Show simple item record

dc.contributor.authorFraaije, B. A.
dc.contributor.authorChandramohan, P.
dc.contributor.authorShaw, M. W.
dc.contributor.authorFitt, Bruce D.L.
dc.date.accessioned2016-03-03T10:33:00Z
dc.date.available2016-03-03T10:33:00Z
dc.date.issued2011-02
dc.identifier.citationFraaije , B A , Chandramohan , P , Shaw , M W & Fitt , B D L 2011 , ' Impacts of changing air composition on severity of arable crop disease epidemics ' , Plant Pathology , vol. 60 , no. 1 , pp. 44-53 . https://doi.org/10.1111/j.1365-3059.2010.02413.x
dc.identifier.issn0032-0862
dc.identifier.otherPURE: 398736
dc.identifier.otherPURE UUID: e2113543-04fb-427c-b08c-39f6cf873e03
dc.identifier.otherWOS: 000286114700005
dc.identifier.otherScopus: 78651271352
dc.identifier.urihttp://hdl.handle.net/2299/16620
dc.description.abstractThis review assesses the impacts, both direct and indirect, of man-made changes to the composition of the air over a 200 year period on the severity of arable crop disease epidemics. The review focuses on two well-studied UK arable crops, wheat and oilseed rape, relating these examples to worldwide food security. In wheat, impacts of changes in concentrations of SO2 in air on two septoria diseases are discussed using data obtained from historical crop samples and unpublished experimental work. Changes in SO2 seem to alter septoria disease spectra both through direct effects on infection processes and through indirect effects on soil S status. Work on the oilseed rape diseases phoma stem canker and light leaf spot illustrates indirect impacts of increasing concentrations of greenhouse gases, mediated through climate change. It is projected that, by the 2050s, if diseases are not controlled, climate change will increase yields in Scotland but halve yields in southern England. These projections are discussed in relation to strategies for adaptation to environmental change. Since many strategies take 10-15 years to implement, it is important to take appropriate decisions soon. Furthermore, it is essential to make appropriate investment in collation of long-term data, modelling and experimental work to guide such decision-making by industry and government, as a contribution to worldwide food security.en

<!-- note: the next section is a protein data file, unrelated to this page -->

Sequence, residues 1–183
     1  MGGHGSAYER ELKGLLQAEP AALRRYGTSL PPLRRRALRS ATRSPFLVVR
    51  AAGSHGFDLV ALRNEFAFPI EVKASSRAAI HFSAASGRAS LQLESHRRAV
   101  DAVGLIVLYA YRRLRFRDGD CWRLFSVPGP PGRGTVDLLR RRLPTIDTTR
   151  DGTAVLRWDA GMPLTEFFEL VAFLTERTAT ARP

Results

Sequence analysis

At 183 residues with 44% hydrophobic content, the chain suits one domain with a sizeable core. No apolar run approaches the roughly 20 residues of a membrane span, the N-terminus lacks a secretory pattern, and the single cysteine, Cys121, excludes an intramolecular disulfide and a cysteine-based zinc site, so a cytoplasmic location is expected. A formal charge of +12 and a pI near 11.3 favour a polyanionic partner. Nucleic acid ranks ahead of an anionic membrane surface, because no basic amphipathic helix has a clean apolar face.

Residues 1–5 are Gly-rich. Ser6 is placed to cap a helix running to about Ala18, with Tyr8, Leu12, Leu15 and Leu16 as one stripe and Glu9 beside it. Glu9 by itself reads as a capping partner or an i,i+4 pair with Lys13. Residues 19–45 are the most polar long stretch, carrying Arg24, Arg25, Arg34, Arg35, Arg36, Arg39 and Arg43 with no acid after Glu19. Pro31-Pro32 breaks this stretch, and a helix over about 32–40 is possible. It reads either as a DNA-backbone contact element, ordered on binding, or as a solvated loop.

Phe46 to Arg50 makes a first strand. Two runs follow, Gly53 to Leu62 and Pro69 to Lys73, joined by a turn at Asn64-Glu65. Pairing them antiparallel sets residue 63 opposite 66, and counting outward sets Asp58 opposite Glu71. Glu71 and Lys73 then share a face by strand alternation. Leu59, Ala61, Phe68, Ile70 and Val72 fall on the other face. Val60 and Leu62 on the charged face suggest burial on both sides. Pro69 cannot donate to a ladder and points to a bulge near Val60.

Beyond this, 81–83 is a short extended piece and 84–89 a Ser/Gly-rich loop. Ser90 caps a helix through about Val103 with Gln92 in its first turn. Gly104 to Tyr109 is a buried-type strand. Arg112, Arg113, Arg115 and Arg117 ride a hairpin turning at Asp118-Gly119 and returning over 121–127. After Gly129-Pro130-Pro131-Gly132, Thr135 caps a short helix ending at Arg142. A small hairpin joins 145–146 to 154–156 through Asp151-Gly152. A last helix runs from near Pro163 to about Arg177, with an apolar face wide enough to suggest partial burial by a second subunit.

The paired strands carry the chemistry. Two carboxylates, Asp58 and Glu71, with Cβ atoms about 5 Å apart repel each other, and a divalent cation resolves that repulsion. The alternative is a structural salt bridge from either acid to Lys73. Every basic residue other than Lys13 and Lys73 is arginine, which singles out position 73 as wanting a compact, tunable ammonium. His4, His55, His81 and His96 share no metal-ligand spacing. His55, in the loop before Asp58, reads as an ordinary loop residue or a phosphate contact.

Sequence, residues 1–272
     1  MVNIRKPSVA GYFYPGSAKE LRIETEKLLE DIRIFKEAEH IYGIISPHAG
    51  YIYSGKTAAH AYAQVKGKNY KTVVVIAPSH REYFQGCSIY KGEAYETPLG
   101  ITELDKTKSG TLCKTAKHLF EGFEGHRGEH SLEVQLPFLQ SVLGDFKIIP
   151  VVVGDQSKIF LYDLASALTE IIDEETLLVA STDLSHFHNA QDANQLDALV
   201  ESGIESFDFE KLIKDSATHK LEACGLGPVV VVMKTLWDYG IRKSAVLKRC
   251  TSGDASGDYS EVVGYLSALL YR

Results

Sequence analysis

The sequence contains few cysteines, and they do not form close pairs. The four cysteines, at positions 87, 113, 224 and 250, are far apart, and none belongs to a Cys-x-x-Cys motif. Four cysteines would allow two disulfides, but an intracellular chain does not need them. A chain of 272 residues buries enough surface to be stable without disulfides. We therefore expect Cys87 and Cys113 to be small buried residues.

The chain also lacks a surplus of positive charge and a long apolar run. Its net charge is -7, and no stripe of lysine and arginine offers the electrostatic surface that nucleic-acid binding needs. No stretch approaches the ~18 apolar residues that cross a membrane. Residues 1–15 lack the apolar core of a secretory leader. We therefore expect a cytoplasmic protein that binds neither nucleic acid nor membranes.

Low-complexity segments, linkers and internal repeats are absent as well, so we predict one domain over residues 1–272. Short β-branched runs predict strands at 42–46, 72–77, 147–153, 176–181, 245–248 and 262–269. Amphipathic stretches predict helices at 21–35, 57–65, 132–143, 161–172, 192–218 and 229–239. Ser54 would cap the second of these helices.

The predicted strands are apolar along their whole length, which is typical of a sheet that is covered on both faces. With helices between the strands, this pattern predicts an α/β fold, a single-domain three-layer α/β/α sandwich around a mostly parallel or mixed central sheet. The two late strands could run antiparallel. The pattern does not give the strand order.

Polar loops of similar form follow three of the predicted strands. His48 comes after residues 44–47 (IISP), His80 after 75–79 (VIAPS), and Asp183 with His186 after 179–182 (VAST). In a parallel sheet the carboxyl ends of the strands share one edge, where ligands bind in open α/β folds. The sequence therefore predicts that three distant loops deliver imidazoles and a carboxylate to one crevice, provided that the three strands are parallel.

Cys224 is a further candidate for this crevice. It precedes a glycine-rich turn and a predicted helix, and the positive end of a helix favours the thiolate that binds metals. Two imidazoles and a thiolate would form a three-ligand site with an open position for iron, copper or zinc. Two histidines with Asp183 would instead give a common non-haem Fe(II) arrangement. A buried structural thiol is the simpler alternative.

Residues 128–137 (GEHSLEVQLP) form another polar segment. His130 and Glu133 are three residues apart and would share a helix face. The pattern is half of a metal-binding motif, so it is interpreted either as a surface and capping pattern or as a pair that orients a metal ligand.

dc.format.extent10
dc.language.isoeng
dc.relation.ispartofPlant Pathology
dc.rightsOpen
dc.subjectclimate change
dc.subjectcrop growth models
dc.subjectfood security
dc.subjectgaseous pollutants
dc.subjectglobal warming
dc.subjectweather-based crop disease forecasts
dc.subjectWINTER OILSEED RAPE
dc.subjectPHOMA STEM CANKER
dc.subjectLIGHT LEAF-SPOT
dc.subjectGLOBAL FOOD SECURITY
dc.subjectCLIMATE-CHANGE
dc.subjectBRASSICA-NAPUS
dc.subjectLEPTOSPHAERIA-MACULANS
dc.subjectPLANT-DISEASE
dc.subjectPYRENOPEZIZA-BRASSICAE
dc.subjectSTAGONOSPORA-NODORUM
dc.titleImpacts of changing air composition on severity of arable crop disease epidemicsen
dc.contributor.institutionSchool of Life and Medical Sciences
dc.contributor.institutionDepartment of Human and Environmental Sciences
dc.contributor.institutionHealth & Human Sciences Research Institute
dc.contributor.institutionAgriculture, Veterinary and Food Sciences
dc.contributor.institutionGeography, Environment and Agriculture
dc.contributor.institutionCrop and Environmental Protection
dc.contributor.institutionAgriculture
dc.contributor.institutionWeight and Obesity Research Group
dc.description.statusPeer reviewed
dc.relation.schoolSchool of Life and Medical Sciences
dc.description.versiontypeFinal Accepted Version
dcterms.dateAccepted2011-02
rioxxterms.versionAM
rioxxterms.versionofrecordhttps://doi.org/10.1111/j.1365-3059.2010.02413.x
rioxxterms.typeOther
herts.preservation.rarelyaccessedtrue
herts.rights.accesstypeOpen


Files in this item

Thumbnail

This item appears in the following Collection(s)

Show simple item record